Summer is just around the corner and most of us are more than ready to shed the hats, gloves and coats and trade them for tank tops and running shorts. Although the heat is a welcome relief after several months of hibernation, it does bring with it a number of potential insults to our skin. This is particularly true for athlete who not only spends more time outside, but also wears less protective clothing and may rapidly sweat off sun-screen.
The skin is the largest organ in the body by weight and surface area. In fact, the skin comprises 16% of the total body weight of an average adult, this being equal to 1.5 to 2 meters of skin. That is a lot of skin to expose to the sun!!!
The purpose of the skin is to separate the body’s internal world from the external environment, including bacteria, dirt and inflammatory insults such as free radicals, molecules that can damage and mutate the DNA within our cells. The skin also provides a barrier to prevent of dehydration and helps to regulate body temperature.
The skin consists of three main layers. The epidermis, which comprises the layers directly exposed to the environment. Here cells continually divide, mature and migrate to the surface where they die leaving a tough, protective topcoat. Below this is the dermis, rich in collagen and elastin to provide strength and flexibility and finally the hypodermis, containing fatty tissue for shock absorption and insulation.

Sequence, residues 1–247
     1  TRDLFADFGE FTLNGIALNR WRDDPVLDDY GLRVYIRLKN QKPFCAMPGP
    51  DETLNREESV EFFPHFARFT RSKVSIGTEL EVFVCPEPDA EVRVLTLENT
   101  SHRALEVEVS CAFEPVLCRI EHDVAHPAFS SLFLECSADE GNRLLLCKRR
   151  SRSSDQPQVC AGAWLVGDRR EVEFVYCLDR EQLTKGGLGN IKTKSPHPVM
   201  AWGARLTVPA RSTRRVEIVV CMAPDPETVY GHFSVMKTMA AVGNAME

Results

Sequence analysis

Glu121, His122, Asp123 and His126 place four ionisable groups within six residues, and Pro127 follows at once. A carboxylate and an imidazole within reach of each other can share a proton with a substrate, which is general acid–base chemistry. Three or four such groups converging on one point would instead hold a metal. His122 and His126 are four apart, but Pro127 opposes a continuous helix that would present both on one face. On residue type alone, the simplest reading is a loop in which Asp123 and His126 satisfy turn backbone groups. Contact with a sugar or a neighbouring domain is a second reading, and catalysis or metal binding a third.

There are two main summer factors that cause damage to the skin. By far the most important is ultraviolet (UV) radiation from the sun, but dehydration can also be detrimental.
Types of UV Radiation
- UVA Originally thought to have only a minor effect on the skin, UVA is now thought to be a major contributor to skin damage. It penetrates deeper than UVB and its intensity is more constant during the day. It is not filtered by plain glass.
- UVB Affects the outer layers of the skin and is the primary cause of sunburn. Intensity is highest during the summer and between 10am and 2pm. It is filtered by plain glass.
- UVC Absorbed by the ozone layer and does not affect skin.
UV Skin Damage